LegalZoom Loses Lawsuits: Drawbacks to the DIY Approach to Litigation

LegalZoomOnline services exist for just about anything. Sometimes, they can offer convenience and speed, like an online bank account. But what about professional services, like from a doctor or lawyer? You may have heard your family physician warn you not to seek medical advice from “Dr. Google” and websites that provide generic medical advice, such as WebMD. [1]

For legal problems, websites like LegalZoom threaten clients in a similar way. Due to the general nature of these sites, they often provide impractical, incomplete, misleading, or false information, prompting users to make risky decisions about their legal situations. Their template legal documents include provisions that could hurt your position in litigation.[2]

For over a decade, LegalZoom has faced criticism and legal action from several different sources in the United States and abroad. The do-it-yourself law website has come under fire again in recent years, with critics claiming that its services constitute “unauthorized practice of law.”[3] A few sources even claimed the company provided false legal advice that could get the recipient into serious legal trouble. In light of the controversy surrounding LegalZoom, it’s important to understand why attorneys are not only preferable in a lawsuit scenario, but necessary.

Let’s Talk Money

For many consumers, LegalZoom’s main draw is the low cost. But the lowest cost, if you wanted to do everything yourself, would be to go directly to the government entity with which you are filing. You can pay about $150 and register your company with the State of Florida Division of Corporations and avoid the extra fees that LegalZoom charges for doing the same thing. Usually, the forms you get from self-help websites match the statute that defines the entity anyway, so there is little or no value added.

Beyond the initial price tag, when you don’t have a competent lawyer by your side, you can stand to lose a lot more money, by having to walk away from a loss without being able to take legal action, in a failed lawsuit or with a drawn-out legal battle. Generic legal forms can destroy your prospects of success. For example, if your generic form has an arbitration clause, you could be unable to file a lawsuit at all because you can’t afford the filing fees and arbitration costs, which are considerably higher than in county or state court. If you can’t win back your legal fees in a successful lawsuit, because the generic form did not give the winner entitlement to fees and costs, enforcement may not be worth it to pursue. And if you accidentally leave out information in the forms, fill them out incorrectly, or miss a filing deadline—incidents a lawyer knows to avoid—you could end up in big trouble.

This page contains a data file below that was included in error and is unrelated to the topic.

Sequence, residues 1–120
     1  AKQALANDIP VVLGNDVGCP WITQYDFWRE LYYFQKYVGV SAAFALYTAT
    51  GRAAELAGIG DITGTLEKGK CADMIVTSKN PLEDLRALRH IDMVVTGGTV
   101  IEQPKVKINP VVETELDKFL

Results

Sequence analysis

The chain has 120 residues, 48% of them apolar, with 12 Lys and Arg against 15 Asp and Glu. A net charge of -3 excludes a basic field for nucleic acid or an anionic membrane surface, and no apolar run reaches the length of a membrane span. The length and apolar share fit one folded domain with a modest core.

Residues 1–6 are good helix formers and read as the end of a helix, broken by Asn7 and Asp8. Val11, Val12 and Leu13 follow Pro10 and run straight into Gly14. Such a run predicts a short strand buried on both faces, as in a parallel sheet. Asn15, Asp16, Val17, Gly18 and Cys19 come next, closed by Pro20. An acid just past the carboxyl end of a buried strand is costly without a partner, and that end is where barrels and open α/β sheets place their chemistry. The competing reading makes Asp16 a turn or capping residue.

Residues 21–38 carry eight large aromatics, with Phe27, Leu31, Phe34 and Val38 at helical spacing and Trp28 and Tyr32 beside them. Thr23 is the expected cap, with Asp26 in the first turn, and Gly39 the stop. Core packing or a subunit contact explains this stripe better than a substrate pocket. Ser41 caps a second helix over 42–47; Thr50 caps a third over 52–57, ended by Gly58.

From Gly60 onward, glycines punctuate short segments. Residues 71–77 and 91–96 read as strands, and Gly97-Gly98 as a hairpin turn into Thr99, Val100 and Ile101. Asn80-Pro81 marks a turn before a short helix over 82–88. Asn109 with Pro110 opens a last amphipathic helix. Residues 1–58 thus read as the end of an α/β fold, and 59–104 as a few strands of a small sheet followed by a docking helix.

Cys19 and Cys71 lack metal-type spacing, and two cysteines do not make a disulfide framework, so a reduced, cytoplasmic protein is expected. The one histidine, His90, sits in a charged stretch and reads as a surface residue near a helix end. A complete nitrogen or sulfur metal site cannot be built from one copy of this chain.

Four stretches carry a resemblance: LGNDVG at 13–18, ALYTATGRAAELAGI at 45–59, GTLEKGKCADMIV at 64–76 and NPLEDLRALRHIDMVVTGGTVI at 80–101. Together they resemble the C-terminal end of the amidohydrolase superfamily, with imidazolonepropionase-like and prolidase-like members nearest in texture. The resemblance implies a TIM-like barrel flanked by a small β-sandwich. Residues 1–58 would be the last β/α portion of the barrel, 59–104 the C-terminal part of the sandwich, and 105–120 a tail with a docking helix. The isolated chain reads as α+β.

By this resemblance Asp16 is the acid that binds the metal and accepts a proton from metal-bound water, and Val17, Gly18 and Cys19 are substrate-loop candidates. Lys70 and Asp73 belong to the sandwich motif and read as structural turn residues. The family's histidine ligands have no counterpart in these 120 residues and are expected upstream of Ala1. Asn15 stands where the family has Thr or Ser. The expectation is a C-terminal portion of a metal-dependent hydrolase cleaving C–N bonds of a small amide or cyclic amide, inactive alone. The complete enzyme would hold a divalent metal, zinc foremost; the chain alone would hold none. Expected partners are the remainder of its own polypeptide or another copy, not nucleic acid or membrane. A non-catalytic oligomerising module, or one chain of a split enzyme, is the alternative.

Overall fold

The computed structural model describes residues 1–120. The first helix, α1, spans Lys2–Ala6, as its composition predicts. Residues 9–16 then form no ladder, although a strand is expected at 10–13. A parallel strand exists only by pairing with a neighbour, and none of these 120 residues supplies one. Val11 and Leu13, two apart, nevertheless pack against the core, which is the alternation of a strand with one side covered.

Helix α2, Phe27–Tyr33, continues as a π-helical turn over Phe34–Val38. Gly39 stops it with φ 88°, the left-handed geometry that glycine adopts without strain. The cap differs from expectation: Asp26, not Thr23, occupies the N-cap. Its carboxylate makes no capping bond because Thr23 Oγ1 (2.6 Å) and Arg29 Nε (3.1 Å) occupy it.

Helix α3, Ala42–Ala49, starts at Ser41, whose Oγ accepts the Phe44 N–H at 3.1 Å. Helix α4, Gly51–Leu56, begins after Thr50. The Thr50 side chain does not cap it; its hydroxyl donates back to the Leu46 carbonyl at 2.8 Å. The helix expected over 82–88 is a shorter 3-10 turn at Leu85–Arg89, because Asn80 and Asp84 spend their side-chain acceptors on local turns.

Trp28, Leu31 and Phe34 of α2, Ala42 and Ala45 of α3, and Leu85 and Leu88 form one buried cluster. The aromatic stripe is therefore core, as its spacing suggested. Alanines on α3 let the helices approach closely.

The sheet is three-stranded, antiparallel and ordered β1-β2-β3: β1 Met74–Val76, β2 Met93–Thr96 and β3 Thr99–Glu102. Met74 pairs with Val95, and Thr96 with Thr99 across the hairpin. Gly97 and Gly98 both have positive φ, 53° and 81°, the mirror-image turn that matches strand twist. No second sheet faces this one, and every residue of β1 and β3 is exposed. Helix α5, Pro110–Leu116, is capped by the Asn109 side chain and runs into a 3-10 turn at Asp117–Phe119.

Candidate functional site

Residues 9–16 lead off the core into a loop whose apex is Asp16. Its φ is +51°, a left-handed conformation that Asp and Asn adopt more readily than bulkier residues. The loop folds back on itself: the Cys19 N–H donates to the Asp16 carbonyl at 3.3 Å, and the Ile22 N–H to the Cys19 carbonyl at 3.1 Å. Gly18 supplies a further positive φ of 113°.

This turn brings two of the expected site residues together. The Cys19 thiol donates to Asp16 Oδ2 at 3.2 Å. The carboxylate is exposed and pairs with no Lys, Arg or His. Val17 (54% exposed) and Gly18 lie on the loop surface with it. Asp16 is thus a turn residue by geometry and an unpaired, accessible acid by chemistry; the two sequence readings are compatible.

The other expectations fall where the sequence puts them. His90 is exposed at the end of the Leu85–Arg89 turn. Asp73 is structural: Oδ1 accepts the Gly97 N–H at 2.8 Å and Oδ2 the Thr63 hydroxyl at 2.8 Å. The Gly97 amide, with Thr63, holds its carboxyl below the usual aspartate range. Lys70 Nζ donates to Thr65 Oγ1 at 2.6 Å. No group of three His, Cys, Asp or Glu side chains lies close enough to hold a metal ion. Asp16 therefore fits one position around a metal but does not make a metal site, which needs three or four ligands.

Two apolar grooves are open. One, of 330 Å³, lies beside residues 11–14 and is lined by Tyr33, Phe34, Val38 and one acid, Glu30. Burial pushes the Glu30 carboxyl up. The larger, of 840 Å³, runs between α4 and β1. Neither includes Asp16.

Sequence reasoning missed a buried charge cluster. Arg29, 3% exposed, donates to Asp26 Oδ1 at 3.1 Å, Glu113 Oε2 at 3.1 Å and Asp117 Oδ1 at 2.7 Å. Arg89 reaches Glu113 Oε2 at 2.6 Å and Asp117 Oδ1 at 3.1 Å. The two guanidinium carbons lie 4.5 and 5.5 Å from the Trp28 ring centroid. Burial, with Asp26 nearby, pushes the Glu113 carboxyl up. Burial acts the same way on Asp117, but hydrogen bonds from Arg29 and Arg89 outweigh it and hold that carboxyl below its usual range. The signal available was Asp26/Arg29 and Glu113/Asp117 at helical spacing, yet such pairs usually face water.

Sworn to Serve

The term “attorney” is more than a title; it indicates years of special education and experience. According to the American Bar Association, anyone who hopes to become a lawyer must fulfill several requirements. First of all, aspiring lawyers must complete a bachelor’s degree and three years at an accredited law school. They must also pass a series of tests: a state bar examination, a national or state exam on professional ethics, and a character and background review that measures their fitness to become lawyers. When you’re facing a lawsuit, you would be best represented by someone who knows the law and took an oath to uphold it.

Your partners in law

When you hire an attorney, you get a real person—not just a website, a series of emails, or a disembodied voice on the phone—who learns about you, your goals and your case. Lawyers often focus within certain practice areas and industries, so you can even find someone with specialized knowledge about your particular situation. Don’t wait until things start to go downhill. If you start your legal journey with a lawyer at your side, you will have a dedicated representative who can help you make great decisions from start to finish.

If you’re facing a lawsuit, don’t wait until you get overwhelmed—contact an attorney right away. The knowledgeable lawyers at Muir & Associates can give you the advantageous position you need to succeed. Call us to discuss your needs and get an effective, personalized approach to legal practice.

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Author Bio

Jane Muir

Jane Muir is a Shareholder and Managing Partner of J. Muir & Associates, a Miami business law firm she founded in 2018. With more than 13 years of experience in business, she is dedicated to representing clients in a wide range of legal areas, including business litigation, contracts, corporate formation, insolvency, nonprofits, partnership disputes, and other business law matters.

Jane received her Juris Doctor from the University of Miami School of Law and is a member of the Dade County Bar Association and Coral Gables Bar Association. She has received numerous accolades for her work, including being named among the “20 Under 40” in 2016 by Brickell Magazine. Super Lawyers named her a Rising Star from 2014–2019 and selected her for the Super Lawyers status.

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